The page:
I was set to write this long, drawn-out rant about how perfectly the Magical Drop series of puzzle games would translate to the touchscreen controls of the Nintendo DS, when I discovered that Craig Grannell of Revert to Saved had beat me to it with his article Ripe for remake: Magical Drop III. Posted last July, the article explains why the time is ripe for another Magical Drop game.
It seems G-mode, current holder of the Magical Drop series licensing rights, agreed and released a Magical Drop game for Android phones on May 15. It’s unclear whether or not G-mode plans to develop and release further titles in the series as their web site reports the company is actively seeking to “license out Data East’s properties” (Magical Drop and NES classic Bad Dudes included).
I don’t recall exactly how or when I discovered Musapey’s Choco Marker, but I do remember that my penchant for obscure Japanese puzzle games was well-rewarded when I first loaded the game on my Dreamcast years ago.
Click past the break for a video of the intro and first three levels of the game.
Inspired by the #squarespace trending topic on Twitter, I decided to introduce the #brainstormwarning hashtag to promote Brainstorm Warning. As stated in the introductory tweet, I will give any user including #brainstormwarning in a new tweet sage, Dr. Phil-style advice for free.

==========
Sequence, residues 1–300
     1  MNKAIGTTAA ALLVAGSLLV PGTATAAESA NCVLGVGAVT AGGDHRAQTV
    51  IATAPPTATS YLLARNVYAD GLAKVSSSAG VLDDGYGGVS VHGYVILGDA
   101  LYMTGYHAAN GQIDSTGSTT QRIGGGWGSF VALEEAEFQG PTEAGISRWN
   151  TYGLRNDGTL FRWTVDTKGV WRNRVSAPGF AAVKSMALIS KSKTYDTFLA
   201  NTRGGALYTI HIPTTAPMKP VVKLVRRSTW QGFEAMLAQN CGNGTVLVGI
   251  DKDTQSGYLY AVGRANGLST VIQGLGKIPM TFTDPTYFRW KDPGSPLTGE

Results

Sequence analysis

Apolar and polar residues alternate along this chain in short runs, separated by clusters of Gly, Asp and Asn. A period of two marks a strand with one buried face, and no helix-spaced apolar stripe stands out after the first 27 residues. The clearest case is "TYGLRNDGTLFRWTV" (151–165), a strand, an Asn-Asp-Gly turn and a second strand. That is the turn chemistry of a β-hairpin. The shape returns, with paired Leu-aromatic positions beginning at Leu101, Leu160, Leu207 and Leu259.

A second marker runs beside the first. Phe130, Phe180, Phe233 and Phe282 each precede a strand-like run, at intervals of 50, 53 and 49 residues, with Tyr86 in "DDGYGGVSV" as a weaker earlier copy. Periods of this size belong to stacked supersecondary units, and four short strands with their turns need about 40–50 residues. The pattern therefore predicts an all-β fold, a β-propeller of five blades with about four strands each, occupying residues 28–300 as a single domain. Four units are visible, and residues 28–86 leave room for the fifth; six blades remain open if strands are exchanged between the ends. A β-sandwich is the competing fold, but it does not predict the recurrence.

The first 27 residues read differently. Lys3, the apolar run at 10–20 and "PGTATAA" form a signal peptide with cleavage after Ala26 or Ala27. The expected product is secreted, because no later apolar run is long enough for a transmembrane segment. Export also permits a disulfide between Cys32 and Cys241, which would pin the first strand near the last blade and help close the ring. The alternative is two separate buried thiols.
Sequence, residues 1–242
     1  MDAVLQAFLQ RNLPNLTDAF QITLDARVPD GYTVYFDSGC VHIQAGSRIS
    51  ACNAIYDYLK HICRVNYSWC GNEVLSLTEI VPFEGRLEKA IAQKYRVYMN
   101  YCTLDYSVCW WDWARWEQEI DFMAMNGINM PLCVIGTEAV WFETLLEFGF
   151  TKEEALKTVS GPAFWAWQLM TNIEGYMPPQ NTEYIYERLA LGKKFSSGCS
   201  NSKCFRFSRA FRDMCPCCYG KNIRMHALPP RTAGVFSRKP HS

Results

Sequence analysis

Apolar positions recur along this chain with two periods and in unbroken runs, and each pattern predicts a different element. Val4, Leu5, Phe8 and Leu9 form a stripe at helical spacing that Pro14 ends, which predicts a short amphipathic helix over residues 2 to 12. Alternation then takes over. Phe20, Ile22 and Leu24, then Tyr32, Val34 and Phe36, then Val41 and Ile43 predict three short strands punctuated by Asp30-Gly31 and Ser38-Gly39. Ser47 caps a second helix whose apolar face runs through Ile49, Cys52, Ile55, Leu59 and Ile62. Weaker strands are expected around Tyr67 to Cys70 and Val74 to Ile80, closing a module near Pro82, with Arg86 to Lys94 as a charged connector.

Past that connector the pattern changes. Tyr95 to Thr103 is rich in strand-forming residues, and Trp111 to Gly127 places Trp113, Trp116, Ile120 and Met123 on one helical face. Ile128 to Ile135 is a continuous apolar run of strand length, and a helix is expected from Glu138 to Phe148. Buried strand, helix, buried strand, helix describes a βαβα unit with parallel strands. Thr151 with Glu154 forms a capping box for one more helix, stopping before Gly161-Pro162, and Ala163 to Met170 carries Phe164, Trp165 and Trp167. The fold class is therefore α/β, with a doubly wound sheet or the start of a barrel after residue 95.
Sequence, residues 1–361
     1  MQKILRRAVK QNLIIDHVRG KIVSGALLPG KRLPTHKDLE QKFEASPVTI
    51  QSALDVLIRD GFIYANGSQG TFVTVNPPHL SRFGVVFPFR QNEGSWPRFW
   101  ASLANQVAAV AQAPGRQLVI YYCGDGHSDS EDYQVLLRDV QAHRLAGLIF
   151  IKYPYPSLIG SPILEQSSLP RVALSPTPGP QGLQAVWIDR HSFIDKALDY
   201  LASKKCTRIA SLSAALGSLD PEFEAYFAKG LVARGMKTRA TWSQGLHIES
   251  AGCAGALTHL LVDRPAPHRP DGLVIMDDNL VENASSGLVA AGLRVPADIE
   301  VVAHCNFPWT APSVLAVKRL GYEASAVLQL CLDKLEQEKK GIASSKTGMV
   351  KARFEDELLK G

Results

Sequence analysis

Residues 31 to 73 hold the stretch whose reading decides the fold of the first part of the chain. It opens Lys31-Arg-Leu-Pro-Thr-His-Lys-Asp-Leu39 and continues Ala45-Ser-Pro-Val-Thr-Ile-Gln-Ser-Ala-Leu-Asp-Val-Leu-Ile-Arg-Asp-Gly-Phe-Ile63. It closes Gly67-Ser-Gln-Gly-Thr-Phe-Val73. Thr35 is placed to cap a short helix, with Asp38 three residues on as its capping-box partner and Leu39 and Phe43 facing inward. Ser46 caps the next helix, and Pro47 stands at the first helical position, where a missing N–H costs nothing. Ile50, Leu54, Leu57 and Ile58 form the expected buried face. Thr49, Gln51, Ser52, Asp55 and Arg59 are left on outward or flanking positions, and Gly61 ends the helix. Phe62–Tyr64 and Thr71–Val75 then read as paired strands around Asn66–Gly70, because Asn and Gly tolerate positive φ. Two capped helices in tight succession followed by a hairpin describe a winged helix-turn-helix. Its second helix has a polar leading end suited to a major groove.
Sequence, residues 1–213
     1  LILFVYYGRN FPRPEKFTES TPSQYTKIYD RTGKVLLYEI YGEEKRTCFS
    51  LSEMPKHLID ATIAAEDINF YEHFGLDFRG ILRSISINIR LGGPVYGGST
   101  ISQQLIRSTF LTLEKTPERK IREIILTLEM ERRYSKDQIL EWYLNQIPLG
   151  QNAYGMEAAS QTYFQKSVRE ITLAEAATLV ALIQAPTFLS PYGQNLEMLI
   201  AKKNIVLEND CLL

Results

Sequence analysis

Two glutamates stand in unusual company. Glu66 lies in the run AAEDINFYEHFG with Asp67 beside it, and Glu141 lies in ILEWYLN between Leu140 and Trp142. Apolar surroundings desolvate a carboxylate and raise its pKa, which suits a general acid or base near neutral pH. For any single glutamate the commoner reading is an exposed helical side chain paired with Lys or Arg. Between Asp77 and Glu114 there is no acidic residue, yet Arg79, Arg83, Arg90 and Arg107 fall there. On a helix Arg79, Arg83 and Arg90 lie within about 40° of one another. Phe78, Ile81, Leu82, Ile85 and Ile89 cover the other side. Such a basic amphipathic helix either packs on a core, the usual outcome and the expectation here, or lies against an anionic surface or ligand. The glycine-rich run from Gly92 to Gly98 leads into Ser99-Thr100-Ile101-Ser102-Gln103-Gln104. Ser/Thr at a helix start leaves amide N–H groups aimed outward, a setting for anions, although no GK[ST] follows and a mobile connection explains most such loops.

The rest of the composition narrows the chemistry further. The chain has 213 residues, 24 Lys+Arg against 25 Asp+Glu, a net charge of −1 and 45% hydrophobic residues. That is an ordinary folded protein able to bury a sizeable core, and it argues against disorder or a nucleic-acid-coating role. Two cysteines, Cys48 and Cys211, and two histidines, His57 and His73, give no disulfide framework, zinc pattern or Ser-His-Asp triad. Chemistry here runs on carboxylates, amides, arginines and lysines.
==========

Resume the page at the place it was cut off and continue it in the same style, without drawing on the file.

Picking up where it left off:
If nothing else, this should prove an interesting experiment in social micro-blogging.
To take a break from recording Dreamcast and Playstation game footage, I decided to fire up FRAPS and record my attempt at clearing The Typing of the Dead‘s Typing Speed 1 drill in under one minute. I ended up setting what I think is a new record for myself: 0m, 54s, 33.
Click past the break to watch the video proof.
My wife and I played and recorded 22 Puyo Puyo Box Treasure Mode battles today. We each won 11 rounds, ending the epic puzzle war in a tie.
Click past the break for video footage of the 6 best battles.
Inspired by the recent release of Bubble Bobble Plus (and the game’s conspicuous lack of a save or password system), I decided a few days ago to play through the NES version of Bubble Bobble again on the Wii Virtual Console. After completing the game’s regular mode, I played through the more challenging Super Bubble Bobble mode and completed that as well.
I sat down tonight to repeat the final boss battle and have included a recording of the fight, along with the full “Happy End,” after the break.
Super Puzzle Fighter II X for Matching Service for the Dreamcast is one of my favorite puzzle games of all time. It’s unfortunate the best iteration of the game never saw a stateside release, but thanks to Sega designing the Dreamcast hardware without region locking, my friends and I have enjoyed countless hours of puzzle mayhem with our favorite chibi characters.
Past the break, I’ve embedded three selected rounds of puzzle battle between myself (playing as Lei Lei) and my wife (playing as Morrigan) past the break. All three videos are also available in HD quality; visit my Youtube Channel for the relevant links.